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Busy summer

Annual visitation has increased by more than 40 percent since 2008 in Yellowstone National Park, leading to traffic jams like this one in Hayden Valley.

Yellowstone National Park experienced the second busiest year on record in 2017. The park recorded 4,116,525 visits, a decrease from 2016.

With 4.25 million visits to the park, 2016 was a record year for visitation, and all demographic trends point to the continued growth of annual visitation, according to park officials.

Since 2008, annual visitation to Yellowstone has increased by close to 40 percent. Half of the increase in visitation occurred in just two years — 2014 to 2016 — coupled by an even greater rise in motor vehicle crashes (up 90 percent), ambulance use (up 60 percent), and search and rescue efforts (up 130 percent). Meanwhile, staffing levels and funding have remained flat over the past 10 years.

Yellowstone visitation vs. staffing

With the constant increase in summer visits, vehicular demand for roads and parking in Yellowstone is expected to exceed capacity sometime between the next three to five years.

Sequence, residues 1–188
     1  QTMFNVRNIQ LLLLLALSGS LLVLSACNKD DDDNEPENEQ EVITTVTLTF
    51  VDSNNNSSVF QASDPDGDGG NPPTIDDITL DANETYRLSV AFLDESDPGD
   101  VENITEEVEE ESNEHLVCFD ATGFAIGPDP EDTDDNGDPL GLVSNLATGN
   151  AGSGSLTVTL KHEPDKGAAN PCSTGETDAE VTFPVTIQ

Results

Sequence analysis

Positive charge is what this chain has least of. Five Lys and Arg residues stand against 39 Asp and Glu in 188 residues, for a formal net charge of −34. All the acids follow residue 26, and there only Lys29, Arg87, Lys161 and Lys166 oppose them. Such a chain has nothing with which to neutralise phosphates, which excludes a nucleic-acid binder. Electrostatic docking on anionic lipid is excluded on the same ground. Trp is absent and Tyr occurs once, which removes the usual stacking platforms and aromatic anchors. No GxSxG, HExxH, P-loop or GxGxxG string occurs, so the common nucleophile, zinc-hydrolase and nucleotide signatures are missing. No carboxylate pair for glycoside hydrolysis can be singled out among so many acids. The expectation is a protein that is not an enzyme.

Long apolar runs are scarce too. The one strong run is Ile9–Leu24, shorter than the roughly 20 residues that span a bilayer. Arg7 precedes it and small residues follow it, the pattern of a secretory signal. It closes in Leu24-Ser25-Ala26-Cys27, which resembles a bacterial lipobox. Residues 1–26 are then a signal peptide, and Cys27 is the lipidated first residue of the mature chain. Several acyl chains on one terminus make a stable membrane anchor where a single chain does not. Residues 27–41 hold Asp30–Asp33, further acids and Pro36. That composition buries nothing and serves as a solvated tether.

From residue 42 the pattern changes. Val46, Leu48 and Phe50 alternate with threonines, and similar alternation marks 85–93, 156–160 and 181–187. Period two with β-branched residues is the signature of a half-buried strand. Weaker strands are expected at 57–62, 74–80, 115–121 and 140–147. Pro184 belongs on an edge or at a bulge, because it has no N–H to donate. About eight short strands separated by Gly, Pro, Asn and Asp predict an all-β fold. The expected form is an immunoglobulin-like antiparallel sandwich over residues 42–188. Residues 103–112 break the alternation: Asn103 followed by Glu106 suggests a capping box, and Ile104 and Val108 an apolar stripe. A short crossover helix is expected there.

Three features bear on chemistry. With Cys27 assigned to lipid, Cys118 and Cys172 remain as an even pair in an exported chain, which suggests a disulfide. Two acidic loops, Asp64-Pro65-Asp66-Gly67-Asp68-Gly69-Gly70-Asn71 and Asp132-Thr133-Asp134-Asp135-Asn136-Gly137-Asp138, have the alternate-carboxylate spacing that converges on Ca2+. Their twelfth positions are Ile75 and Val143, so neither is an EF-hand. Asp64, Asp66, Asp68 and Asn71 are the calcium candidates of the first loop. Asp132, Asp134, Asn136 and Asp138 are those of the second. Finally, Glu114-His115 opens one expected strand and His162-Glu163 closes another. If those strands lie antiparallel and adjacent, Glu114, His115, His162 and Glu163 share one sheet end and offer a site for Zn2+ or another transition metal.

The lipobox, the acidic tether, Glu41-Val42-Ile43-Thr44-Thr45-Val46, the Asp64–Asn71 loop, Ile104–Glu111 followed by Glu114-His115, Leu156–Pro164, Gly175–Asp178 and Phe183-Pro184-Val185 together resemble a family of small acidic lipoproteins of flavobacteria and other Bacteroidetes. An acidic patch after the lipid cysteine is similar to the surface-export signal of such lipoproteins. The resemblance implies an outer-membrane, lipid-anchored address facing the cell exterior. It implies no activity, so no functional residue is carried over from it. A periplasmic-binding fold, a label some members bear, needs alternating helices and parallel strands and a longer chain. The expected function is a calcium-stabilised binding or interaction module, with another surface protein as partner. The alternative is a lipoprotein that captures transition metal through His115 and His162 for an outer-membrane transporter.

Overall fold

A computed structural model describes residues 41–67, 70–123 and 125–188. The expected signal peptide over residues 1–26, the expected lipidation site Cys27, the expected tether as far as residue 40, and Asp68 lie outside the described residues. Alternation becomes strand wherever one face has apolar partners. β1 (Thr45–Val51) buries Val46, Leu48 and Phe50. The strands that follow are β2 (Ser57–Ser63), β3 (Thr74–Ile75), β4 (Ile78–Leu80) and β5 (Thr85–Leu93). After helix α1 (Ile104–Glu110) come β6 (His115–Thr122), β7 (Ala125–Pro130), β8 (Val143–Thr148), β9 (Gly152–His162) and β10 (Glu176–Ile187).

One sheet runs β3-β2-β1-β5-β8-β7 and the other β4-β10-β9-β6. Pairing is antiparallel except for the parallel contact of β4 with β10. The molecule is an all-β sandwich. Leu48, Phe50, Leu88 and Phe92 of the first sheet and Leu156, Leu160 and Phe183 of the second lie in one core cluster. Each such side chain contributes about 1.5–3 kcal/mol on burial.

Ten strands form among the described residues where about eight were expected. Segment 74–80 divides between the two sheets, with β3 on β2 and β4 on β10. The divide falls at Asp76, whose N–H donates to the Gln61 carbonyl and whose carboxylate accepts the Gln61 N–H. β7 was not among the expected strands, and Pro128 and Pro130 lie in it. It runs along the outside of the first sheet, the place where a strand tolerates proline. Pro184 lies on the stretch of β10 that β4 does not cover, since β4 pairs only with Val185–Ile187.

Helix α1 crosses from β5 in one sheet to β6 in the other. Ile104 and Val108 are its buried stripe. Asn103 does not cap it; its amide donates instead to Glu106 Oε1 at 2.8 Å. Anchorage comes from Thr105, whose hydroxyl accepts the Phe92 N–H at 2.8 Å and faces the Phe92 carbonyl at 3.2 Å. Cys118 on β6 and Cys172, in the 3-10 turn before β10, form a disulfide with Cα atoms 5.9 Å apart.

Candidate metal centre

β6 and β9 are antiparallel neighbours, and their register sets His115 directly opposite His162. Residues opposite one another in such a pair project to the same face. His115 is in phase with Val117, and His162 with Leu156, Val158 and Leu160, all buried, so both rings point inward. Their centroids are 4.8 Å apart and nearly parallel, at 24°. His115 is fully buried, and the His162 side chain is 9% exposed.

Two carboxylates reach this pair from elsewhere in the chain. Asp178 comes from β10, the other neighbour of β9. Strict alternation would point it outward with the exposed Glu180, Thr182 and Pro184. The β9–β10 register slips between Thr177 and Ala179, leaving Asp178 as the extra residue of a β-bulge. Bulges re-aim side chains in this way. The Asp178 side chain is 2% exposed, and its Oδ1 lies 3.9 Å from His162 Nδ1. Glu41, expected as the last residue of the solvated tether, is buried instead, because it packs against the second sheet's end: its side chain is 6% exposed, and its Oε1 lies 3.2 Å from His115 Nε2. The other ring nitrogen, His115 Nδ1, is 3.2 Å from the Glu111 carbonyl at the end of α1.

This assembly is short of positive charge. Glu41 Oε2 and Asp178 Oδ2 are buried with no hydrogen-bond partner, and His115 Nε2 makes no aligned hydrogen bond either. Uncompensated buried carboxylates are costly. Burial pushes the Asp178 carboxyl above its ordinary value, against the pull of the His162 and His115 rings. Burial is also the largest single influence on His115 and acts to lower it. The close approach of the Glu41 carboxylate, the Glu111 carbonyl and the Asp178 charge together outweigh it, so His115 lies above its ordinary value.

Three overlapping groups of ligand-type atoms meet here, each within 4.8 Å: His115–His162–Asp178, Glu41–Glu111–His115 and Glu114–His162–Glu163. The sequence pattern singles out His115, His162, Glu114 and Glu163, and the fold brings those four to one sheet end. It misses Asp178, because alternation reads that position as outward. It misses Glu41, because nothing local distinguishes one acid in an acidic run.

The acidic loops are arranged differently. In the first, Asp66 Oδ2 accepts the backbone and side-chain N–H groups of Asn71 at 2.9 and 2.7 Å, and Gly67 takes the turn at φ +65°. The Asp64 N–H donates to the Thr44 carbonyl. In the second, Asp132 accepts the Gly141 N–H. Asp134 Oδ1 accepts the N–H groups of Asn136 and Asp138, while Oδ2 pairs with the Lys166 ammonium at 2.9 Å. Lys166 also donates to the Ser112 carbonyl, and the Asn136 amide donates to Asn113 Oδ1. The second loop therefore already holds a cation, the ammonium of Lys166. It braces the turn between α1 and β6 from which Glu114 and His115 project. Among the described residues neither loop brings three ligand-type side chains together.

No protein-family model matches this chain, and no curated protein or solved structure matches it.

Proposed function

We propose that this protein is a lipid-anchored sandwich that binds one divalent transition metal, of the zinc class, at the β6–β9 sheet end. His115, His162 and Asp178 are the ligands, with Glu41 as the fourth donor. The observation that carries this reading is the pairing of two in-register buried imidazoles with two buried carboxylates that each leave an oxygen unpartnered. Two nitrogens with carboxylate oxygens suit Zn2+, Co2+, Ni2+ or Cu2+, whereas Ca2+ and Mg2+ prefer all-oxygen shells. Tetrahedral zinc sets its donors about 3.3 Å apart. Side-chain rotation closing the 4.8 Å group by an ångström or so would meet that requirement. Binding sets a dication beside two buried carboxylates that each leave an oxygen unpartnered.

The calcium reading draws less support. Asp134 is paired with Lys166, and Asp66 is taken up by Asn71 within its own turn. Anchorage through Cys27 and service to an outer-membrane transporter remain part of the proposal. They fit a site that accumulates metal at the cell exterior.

To ease the problems, park officials are considering communication and traffic management systems, shuttle systems and other types of transportation alternatives, and reservations or timed-entry systems. The strategies could be implemented in key locations or park wide.

“In 2018 and 2019, we intend to gather more information in order to make informed decisions about visitation,” said Dan Wenk, Yellowstone National Park superintendent. 

The growth already has park managers considering questions like:

  • How can the park prepare for a future in which visitation continues to increase?
  • How does the increased visitation affect park resources and visitor experiences?
  • What do people expect when they come to Yellowstone?
  • How do people move through the park?

To begin answering these questions, the park commissioned two studies during the summer of 2016. The results were released to the public this summer. One finding is that more than half of visitors surveyed think that there are too many people in the park.

“These studies mark the beginning of our efforts to understand visitation and develop strategies to meet the challenges it presents,” Wenk said.

Continued high levels of visitation at Yellowstone mean visitors need to plan ahead.

More visitation statistics are available online at